SEARCH HOME Math Central Quandaries & Queries  Question from Gerry: In mathematical context, what do you understand by the term "Second Derivative" Hi Gerry,

This is probably most easily understood with an example.

Suppose you are on a straight road travelling in a car. Suppose also that you started from some particular place on the road and at the moment you started moving you also started a stopwatch. I am going to let s(t) be the distance between you and the start point, in kilometers, at the time when the stopwatch reads t hours. The illustration below represents the situation at time t hours. There is a mathematical process called differentiation that derives from the function s(t) another function called the derivative of s(t) or sometimes the first derivative of s(t). This new function is usually written s'(t) or ds/dt. s'(t) measures the rate at which the function s(t) is changing at the instant when the time is t hours. If the car is moving away from the start then s'(t) is positive. If the car is moving towards the start then s(t) is decreasing and s'(t) is negative. If the car is stopped then s'(t) = 0. This function s'(t) is the speed or velocity of the car and is approximated by the speedometer in the car. The units of s'(t) are kilometers/hour.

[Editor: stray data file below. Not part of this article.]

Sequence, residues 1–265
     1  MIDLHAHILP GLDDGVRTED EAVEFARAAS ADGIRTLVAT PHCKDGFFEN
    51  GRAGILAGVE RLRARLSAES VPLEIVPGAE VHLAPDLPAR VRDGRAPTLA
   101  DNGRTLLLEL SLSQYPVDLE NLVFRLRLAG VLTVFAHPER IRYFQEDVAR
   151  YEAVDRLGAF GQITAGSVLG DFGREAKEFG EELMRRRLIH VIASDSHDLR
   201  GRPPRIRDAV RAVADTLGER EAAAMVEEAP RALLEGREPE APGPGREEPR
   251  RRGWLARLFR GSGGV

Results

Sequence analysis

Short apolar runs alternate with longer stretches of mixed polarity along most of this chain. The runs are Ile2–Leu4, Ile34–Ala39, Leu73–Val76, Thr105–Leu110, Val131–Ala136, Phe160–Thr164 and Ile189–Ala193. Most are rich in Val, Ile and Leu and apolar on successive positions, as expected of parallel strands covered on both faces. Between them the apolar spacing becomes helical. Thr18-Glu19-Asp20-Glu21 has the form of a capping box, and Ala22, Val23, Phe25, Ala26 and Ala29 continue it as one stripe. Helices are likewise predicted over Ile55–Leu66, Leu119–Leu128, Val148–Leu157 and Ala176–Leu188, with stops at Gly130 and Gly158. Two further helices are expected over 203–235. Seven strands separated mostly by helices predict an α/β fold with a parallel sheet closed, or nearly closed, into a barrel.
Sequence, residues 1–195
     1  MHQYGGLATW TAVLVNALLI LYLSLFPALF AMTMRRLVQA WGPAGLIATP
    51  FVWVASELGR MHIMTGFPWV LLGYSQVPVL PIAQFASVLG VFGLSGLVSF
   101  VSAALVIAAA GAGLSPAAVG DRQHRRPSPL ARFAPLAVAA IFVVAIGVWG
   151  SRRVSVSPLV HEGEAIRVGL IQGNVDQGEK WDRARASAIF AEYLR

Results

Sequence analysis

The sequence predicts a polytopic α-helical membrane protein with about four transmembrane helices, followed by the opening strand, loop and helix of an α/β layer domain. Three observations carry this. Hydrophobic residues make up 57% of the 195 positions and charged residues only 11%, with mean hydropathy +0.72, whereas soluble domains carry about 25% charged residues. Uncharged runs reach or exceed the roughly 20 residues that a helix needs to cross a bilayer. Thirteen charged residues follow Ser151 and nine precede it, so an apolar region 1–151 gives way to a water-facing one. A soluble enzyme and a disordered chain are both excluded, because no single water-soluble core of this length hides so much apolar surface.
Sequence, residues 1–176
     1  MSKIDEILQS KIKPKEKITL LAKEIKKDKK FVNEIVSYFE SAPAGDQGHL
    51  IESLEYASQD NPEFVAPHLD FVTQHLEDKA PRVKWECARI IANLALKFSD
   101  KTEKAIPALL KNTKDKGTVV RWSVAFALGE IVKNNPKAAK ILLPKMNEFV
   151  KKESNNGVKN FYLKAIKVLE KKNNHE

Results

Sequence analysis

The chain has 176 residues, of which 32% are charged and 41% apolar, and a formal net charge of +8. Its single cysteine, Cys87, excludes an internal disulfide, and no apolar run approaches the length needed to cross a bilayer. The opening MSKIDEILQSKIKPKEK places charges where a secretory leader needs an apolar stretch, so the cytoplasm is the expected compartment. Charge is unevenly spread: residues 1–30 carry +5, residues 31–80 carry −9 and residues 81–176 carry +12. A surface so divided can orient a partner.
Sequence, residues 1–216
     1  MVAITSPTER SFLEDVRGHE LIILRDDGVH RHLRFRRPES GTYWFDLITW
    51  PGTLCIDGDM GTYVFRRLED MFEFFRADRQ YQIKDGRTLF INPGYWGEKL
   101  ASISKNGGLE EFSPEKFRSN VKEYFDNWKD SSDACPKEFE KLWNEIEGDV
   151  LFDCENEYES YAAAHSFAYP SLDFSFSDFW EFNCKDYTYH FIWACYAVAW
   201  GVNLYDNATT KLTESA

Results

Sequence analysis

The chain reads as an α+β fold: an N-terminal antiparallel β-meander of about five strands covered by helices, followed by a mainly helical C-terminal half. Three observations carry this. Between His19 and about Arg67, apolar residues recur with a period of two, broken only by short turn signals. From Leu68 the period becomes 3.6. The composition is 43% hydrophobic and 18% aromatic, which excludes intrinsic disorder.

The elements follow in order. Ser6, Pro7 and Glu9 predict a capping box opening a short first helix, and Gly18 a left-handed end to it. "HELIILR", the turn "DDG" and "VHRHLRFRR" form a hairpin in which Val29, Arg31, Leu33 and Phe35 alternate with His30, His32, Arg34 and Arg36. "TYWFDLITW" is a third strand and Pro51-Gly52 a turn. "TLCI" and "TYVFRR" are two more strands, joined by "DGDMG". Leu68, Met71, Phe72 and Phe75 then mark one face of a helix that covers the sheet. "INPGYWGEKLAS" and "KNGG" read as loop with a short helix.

If the car speeds up then the velocity increases, that is s'(t) increases. Hence s'(t) is changing and we have seen how to measure the rate at which a function is changing using its derivative. Thus s''(t), the derivative of s'(t), measures the rate at which the velocity is changing. s''(t) is the second derivative of s(t). s''(t) is the acceleration of the car. If the velocity is increasing then s''(t) is positive. If the velocity is decreasing, the car is slowing down, then s''(t) is negative. If the car is travelling at a constant speed then s''(t) = 0. The units of s''(t) are kilometers/hour2.

For any function f(x) the first derivative f'(x) measures the rate at which f(x) is changing relative to x and the second derivative f''(x) measures the rate at which f'(x) is changing.

I hope this helps,
Penny     Math Central is supported by the University of Regina and The Pacific Institute for the Mathematical Sciences.